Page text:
credit union. Rules on relatives vary -- some credit unions limit
membership to immediate family -- so be sure to ask.
If you've done your homework, you've probably come up with several
credit unions. Now the fun starts. Make a list of the things that
are important to you and see how your credit unions stack up. Just
to be fair, throw a couple of banks on the list, too.
What to look for? Convenience, rates, products and
Start with convenience. Do you need locations close
to home, so that you can hit the bank before work or on weekends,
or do you want a branch near work you can visit on your lunch hour?
Can you make do with one location or do you need a network of ATMs?
Look at the products and services you use now. Many
banks charge a monthly fee for a checking account, plus more for
the checks themselves.
What's the cost of doing business at the credit union?
What is their bounced-check charge? Can they offer credit cards?
Car loans? Compare rates on their savings accounts and credit cards.
Remember to weigh in anticipated future uses. Planning
on buying a home or refinancing the one you've got? Ask about their
mortgage rates. Think you might need a line of credit? Find out
what it would cost.
Howard, an Atlanta native, admits he was looking
for the credit union that could do everything.
"I wanted a wide market menu of services,"
he says. "Checking, savings, credit cards, the ability to get
loans at a deal."
Mike and Kristi Buscemi just wanted better service,
but ending up getting convenience too.
"With the mergers and the takeovers, I've
noticed customer service is getting worse and worse," says
Mike, who was upset at having to pay a number of additional fees
for what used to be included in good service.
Last month, the Fitchburg, Wisc., couple joined a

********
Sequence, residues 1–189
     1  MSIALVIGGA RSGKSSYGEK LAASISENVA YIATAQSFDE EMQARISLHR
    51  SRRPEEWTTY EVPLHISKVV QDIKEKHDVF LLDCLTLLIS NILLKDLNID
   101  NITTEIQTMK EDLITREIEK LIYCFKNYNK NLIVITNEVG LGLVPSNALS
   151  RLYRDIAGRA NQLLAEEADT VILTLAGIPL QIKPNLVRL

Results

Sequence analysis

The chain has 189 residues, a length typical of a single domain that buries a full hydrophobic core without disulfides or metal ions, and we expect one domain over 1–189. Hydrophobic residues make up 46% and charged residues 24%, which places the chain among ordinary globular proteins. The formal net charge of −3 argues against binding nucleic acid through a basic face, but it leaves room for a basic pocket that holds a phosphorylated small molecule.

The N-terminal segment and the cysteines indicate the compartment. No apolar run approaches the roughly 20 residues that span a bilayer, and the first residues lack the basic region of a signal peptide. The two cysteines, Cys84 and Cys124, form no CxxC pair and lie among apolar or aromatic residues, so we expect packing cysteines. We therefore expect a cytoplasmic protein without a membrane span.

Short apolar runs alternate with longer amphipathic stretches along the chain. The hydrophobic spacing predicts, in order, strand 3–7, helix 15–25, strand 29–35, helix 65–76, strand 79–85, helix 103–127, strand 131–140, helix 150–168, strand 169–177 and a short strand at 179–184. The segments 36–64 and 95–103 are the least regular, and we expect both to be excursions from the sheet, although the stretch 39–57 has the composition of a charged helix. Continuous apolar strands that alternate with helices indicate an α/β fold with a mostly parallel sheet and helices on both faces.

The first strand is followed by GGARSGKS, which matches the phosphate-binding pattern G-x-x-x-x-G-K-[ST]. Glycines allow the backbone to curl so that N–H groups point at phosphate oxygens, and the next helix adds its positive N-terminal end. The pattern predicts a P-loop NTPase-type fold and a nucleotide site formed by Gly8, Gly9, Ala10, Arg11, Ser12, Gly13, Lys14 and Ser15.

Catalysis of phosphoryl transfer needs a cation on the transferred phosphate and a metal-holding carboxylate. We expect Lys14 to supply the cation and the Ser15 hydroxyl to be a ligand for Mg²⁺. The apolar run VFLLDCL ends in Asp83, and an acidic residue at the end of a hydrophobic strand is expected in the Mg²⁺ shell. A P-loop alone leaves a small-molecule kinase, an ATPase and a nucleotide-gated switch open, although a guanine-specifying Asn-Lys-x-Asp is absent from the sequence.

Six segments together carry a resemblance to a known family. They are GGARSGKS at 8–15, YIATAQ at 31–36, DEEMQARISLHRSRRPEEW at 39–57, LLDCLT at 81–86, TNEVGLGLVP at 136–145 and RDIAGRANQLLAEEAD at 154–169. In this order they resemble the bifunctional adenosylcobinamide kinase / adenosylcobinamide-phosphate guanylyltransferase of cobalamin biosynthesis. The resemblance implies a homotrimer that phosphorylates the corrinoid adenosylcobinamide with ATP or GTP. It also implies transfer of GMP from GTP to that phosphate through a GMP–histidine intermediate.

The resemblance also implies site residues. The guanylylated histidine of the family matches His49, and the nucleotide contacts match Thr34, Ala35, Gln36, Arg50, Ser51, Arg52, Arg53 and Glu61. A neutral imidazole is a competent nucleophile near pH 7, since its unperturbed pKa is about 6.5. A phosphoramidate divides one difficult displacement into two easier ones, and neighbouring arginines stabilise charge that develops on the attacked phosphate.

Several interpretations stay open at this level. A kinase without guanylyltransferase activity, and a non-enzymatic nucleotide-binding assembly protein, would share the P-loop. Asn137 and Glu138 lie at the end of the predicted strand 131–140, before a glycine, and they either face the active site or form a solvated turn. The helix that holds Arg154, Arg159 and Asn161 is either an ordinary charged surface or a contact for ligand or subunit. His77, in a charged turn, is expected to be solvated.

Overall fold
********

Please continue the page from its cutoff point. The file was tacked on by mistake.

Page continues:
credit union. Now, instead of paying $7 a month for overdraft protection,
they have it for free. And the Buscemis didn't have to give up much
in the way of convenience. After researching their options, the
couple picked a credit union located just a quarter-mile from home.
No matter where you park your money -- bank or credit
union -- you want to make sure that it's federally insured, says
Where a bank might sport the FDIC logo, in a credit
union you want to look for the insignia of the National Credit Union
Administration. Its insurance fund guarantees deposits up to $100,000,
just like a bank.
While most credit unions are members of the NCUA,
some state-chartered credit unions are not, says Umbel.
Not for everyone
Credit unions are not for everyone.
"People of great means are better off
at a bank or a brokerage house," says Howard.
But credit unions are an especially good option for
people who are building credit for the first time or trying to re-establish
"Most credit unions are small and really
know who their members are," says Umbel. "They are more
willing to give that character loan."
Buscemi believes the biggest difference in the institutions
is who is running them, and why they exist in the first place. Banks
are a business, he says.
"I think that businesses cater to business,
whereas credit unions focus on the individual."
Dana Dratch is a freelance writer
based in Atlanta.
-- Updated: March 20, 2003